One of the challenges of insect photography is depth of field. The focal plane of any camera is flat. Insects are three dimensional. To represent a three-dimensional object in two dimensions requires considerable ingenuity on the part of a lens designer, and considerable work on the part of the photographer. One solution is to take multiple images and stack them, focusing on different parts of the insect in each frame.
Here’s an example of a Blue Dasher, where I was able to get two images with sufficient alignment and sufficiently different focal areas that the resulting image gets most of the bug in sharp focus. Unfortunately, I didn’t get a midrange focus, so the tail of the creature is sharp, as are the eyes, but there’s an area of soft focus halfway down the back:
Still, it’s a much better image than a single-frame capture would allow.
I use a many-years-old version of Photoshop (CS4), but I imagine the process is similar in almost any photo-processing software.
Step one: take a few pictures at different focus points:
Step two: align the images. In Photoshop, this is done by copy-pasting one image onto the other, selecting both layers, then choosing Edit–>Auto-align layers. As long as the previous step (the shooting of the images in the field) was a success, the images should be fairly roughly aligned already. In this case, the software can align them pretty well. I haven’t yet figured out how to rescue a poorly aligned set of images, but it might be possible to place them manually with good precision.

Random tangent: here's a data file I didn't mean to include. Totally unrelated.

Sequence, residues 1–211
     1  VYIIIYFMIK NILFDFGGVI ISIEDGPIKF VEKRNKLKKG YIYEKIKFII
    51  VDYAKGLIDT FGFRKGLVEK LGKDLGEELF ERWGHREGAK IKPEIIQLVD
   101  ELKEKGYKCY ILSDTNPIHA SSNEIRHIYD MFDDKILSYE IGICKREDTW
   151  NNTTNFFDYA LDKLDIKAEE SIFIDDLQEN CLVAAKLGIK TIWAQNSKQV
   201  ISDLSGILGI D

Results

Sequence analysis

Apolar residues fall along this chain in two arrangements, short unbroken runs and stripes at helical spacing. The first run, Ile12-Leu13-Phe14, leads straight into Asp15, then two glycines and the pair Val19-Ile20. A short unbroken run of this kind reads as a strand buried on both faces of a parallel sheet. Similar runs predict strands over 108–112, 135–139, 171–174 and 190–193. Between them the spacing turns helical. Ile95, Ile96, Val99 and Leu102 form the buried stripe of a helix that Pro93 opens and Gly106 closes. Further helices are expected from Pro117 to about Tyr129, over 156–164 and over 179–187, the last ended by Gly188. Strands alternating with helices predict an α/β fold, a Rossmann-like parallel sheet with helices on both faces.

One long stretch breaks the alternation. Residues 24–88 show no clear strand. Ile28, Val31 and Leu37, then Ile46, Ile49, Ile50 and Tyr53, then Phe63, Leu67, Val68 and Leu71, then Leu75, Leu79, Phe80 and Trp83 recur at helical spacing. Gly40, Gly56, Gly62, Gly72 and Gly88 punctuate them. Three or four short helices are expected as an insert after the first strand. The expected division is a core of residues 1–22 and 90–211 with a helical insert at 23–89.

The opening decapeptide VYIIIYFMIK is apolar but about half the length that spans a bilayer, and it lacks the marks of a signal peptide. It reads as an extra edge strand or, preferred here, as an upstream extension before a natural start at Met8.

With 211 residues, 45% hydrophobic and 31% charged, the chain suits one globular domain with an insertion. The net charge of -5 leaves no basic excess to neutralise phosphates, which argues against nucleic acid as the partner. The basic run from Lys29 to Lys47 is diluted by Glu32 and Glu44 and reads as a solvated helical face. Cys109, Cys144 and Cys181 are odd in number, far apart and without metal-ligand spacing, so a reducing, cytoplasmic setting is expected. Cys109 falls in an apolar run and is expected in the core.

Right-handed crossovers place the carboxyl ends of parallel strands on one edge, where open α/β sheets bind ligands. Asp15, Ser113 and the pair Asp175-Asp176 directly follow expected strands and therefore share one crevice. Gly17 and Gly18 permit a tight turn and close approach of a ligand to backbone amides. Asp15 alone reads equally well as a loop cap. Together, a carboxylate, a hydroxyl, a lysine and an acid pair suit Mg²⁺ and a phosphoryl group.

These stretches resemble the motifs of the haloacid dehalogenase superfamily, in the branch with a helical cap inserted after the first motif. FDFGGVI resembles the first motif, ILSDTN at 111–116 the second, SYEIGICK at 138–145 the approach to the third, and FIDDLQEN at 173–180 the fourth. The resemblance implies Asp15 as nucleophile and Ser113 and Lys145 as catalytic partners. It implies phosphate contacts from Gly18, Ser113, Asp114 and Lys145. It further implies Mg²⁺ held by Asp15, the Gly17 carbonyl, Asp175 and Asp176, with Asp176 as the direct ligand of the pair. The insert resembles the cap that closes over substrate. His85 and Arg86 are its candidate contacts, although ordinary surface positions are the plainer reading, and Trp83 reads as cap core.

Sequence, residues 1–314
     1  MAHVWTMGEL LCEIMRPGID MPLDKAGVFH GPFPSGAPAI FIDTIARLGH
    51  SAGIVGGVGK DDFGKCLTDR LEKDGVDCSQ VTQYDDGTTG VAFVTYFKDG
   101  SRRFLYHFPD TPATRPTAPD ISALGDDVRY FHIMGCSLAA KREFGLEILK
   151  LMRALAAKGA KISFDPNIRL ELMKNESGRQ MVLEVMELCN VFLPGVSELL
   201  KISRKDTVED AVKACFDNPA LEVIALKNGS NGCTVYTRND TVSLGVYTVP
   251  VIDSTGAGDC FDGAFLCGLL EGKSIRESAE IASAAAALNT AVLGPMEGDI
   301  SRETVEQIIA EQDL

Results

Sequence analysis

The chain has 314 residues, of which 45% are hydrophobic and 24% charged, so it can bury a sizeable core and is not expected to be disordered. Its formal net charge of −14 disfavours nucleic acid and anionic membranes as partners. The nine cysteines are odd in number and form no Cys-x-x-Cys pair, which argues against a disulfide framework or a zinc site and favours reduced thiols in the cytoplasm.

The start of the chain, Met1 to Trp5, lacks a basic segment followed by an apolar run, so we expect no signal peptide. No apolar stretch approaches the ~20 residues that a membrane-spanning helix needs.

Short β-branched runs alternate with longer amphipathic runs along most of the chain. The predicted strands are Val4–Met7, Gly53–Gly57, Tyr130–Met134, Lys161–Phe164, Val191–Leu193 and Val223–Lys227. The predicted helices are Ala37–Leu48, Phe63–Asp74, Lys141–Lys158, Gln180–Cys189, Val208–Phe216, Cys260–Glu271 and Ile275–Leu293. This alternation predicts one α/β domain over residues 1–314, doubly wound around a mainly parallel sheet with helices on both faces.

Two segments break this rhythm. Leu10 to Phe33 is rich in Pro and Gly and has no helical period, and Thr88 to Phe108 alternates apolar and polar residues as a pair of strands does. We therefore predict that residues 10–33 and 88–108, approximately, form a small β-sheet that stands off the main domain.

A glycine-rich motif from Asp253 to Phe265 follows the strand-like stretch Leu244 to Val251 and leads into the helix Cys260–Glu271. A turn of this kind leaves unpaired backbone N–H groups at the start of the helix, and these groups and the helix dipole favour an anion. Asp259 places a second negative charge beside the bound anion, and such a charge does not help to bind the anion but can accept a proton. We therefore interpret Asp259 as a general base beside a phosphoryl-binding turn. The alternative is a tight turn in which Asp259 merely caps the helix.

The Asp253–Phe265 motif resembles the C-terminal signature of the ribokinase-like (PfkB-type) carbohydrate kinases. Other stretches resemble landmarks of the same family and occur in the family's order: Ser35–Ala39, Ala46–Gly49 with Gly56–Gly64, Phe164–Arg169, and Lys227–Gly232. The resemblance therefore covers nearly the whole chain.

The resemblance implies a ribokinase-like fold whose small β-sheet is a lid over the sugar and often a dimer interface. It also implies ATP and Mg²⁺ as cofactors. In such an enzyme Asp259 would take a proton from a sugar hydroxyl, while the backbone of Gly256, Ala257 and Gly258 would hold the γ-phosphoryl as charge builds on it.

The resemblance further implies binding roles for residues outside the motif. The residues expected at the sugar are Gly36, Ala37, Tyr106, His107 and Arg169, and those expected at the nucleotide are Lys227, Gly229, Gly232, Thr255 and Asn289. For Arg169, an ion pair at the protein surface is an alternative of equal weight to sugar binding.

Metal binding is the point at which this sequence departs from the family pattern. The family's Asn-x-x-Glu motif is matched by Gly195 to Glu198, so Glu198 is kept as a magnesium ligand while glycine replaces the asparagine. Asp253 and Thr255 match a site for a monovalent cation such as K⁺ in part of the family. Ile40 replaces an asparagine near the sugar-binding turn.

Step three: stack the images. In Photoshop, choose Edit–>Auto-blend layers. Here again, as long as your previous step (the auto-align) was reasonably successful, the stack will be as well. Of course, if your subject has moved slightly, turning its head or shifting a wing, the resulting stacked image will have “ghosts” in it and will have to be discarded.
Step four: save as one image (not a layered file), then you can adjust the colors and highlights, etc., as you normally would. (If you’re clever, you might have adjusted the images before aligning and stacking, but I’m rarely that clever. Plus, if you have 5 or 6 images to blend, that’s a lot of processing that I’d prefer to do in one step on the final, stacked image.)
And that’s “all” there is to it!